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Toulouse to Mediterranean Blues

Tour: FMTS8
Hotel To Hotel Cycling Holiday
Linear Cycling Holiday

Discover the true, warm colours of southwest France all the way from ‘ville rose’ Toulouse and Carcassonne’s awesome ochre ramparts, through the vineyards of delicious Minervois and Roussillon reds to the black basalt cathedral, pale sandy beaches and beautiful sea blues of Sète on the Mediterranean. With the Canal du Midi and all its pleasure boats as your refreshing companions, dappled green towpaths and really straightforward cycling are the order of (almost) every day. Look forward to en-route encounters with Santiago de Compostella pilgrim paths, Cathar castles, tasty local ‘cassoulet’ and all sorts of engineering feats from tunnels and bridges to round and even staircase locks. A really rewarding linear cycle tour from big city Toulouse to Mediterranean favourite Cap d’Agde and Sète, the sea and lagoon-side resort of many colours dubbed the ‘Venice of the Languedoc’. Read More



Start Day

Any Day

Board Basis

Bed & Breakfast

Prices from



8 Days, 7 Nights


Mar - Oct

Tour Grade

Grade 3 (Moderate)

Read Overview
Home > France > Toulouse to Mediterranean Blues


From Toulouse through Cathar villages and Languedoc vineyards all the way to the lighthouses and lagoons around Sète on the Mediterranean coast, this linear tour along the historic Canal du Midi makes for a refreshing, easy-going cycling holiday. Stunning open scenery, warm Mediterranean sunshine and an impressive line-up of historic highlights like Bram, Carcassonne, Béziers and Cap d’Agde are interlaced by the south west’s famous pilgrimage paths, rivers and impressive canal trading routes.

Tour Code:
Hotel To Hotel Cycling Holiday, Linear Cycling Holiday
Canal du Midi
8 Days, 7 Nights
Board Basis:
Bed & Breakfast
Mar - Oct


Day 1 Arrive & explore

Arrive in the city where the Canal du Midi has its start and you’ll find that this waterway is not the only amazing feat of engineering here. Renowned for its awesome architecture beside the mighty River Garonne, Toulouse is hugely impressive all round  – France’s fourth largest city is not just the capital of the Occitanie region, but the European Capital of Aeronautics too. To get your visit off to a flying start, you could visit one of the many aeroplane museums and attractions on the west bank of the river, but there’s plenty of heady heritage to look up to in the city centre around the Place du Capitole. Known as the ‘ville rose’, Toulouse is a colourful place and its bridges, façades and even the massive belfry tower of the pilgrimage Jacobins church and monastery look pretty in pink here. Check out Le Capitole itself (town hall), with its neo-classical frontage, home to lavish painting galleries, state rooms and the famous Toulouse opera house or gaze up at (and inside!) the Basilica Saint-Sernin, reputedly one of the finest churches in France. A short hop from the Pont Neuf, in the Daurade quarter, don’t miss the city’s finest Renaissance mansion – Maison Assézat – a great place to relax with a courtyard coffee and really get into holiday mode!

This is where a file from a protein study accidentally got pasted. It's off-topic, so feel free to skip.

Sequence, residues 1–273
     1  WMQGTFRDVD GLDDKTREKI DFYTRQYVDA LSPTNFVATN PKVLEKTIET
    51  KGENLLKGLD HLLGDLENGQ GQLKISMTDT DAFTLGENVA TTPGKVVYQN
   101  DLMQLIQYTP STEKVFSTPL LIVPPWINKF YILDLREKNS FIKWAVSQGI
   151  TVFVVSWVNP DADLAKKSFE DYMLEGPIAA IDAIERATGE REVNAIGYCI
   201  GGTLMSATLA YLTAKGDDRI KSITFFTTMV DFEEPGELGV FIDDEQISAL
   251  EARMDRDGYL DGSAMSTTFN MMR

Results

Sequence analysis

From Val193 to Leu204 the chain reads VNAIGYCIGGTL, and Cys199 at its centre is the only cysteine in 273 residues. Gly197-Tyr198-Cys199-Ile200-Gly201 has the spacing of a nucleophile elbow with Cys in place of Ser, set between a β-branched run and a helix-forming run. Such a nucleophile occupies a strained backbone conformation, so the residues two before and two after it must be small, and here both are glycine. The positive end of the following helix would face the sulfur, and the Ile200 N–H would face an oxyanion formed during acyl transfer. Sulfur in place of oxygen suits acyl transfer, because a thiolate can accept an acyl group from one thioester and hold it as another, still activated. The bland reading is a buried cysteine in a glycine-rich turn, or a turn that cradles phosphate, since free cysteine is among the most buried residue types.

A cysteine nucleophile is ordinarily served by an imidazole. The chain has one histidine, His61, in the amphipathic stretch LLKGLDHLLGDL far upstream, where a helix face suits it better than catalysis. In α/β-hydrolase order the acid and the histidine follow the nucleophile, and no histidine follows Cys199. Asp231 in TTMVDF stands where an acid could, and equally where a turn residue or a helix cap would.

Overnight in Toulouse.

Day 2 Towpaths & pilgrim paths

With the Canal du Midi and its boats as close company, it’s time to take to the saddle and pedal out into the vast and fertile, hill-backed plain of the Lauragais region. In contrast to the great towering heights and massive Romanesque architecture of the city, it’s a gentle landscape with low-lying churches and more modest bell-towers, like the one at Montesquieu-Lauragais. In the 16th century, the limestone-rich soil here was perfect for growing woad (French -‘pastel’) for textiles and trade flourished. Often referred to as ‘Pays de Cocagne’ after the little ‘cakes’ of woad which were sold here, it was also referred to as the Land of Plenty. The area you cycle through en route to Gardouch touches the past in many ways, a land associated with Santiago de Compostella pilgrims and Cathar Crusaders.

Overnight in Gardouch.

Miles  26  Kms  43

Day 3 Up & over in ‘Cassoulet Country’

Leave the Canal du Midi path a while in search of views from above as you head to the Cathar village of Aignonet-Lauragais with its port (Port Lauragais) located on the Santiago de Compostella pilgrimage route. The magnificent Gothic church of Notre-Dame des Miracles dates from the 14th century and the typical half-timbered town houses from the 1200 – 1400s, but here it’s the castle and remains of the ramparts – and the grisly tales of the great 13th century massacre of the inquisitors of Cartharism – which steal the show. As you pass over the watershed between the Atlantic and Mediterranean seas, it’s time to enter ‘Cassoulet Country’ around the port of Castelnaudary. Cassoulet – a hearty meat and bean stew – is almost the French equivalent of the UK’s Lent pancake. It’s a dish to use everything up – historically to give the locals strength before Edward, England’s Plantagenet Black Prince, besieged the town in 1355. Try it ‘sur place’ for a real authentic taste of Haute Garonne cuisine, before pedalling full strength along quiet lanes bordered by vineyards and cypresses to the medieval abbey village of Saint-Papoul. Look at the Benedictine Abbey and explore the tiny streets, then hug the Canal du Midi warmly once again to your destination for the day – the early medieval ‘circulade’ village-cum-port of Bram, where historic streets encircle the fortress church and town walls.

Overnight in Bram.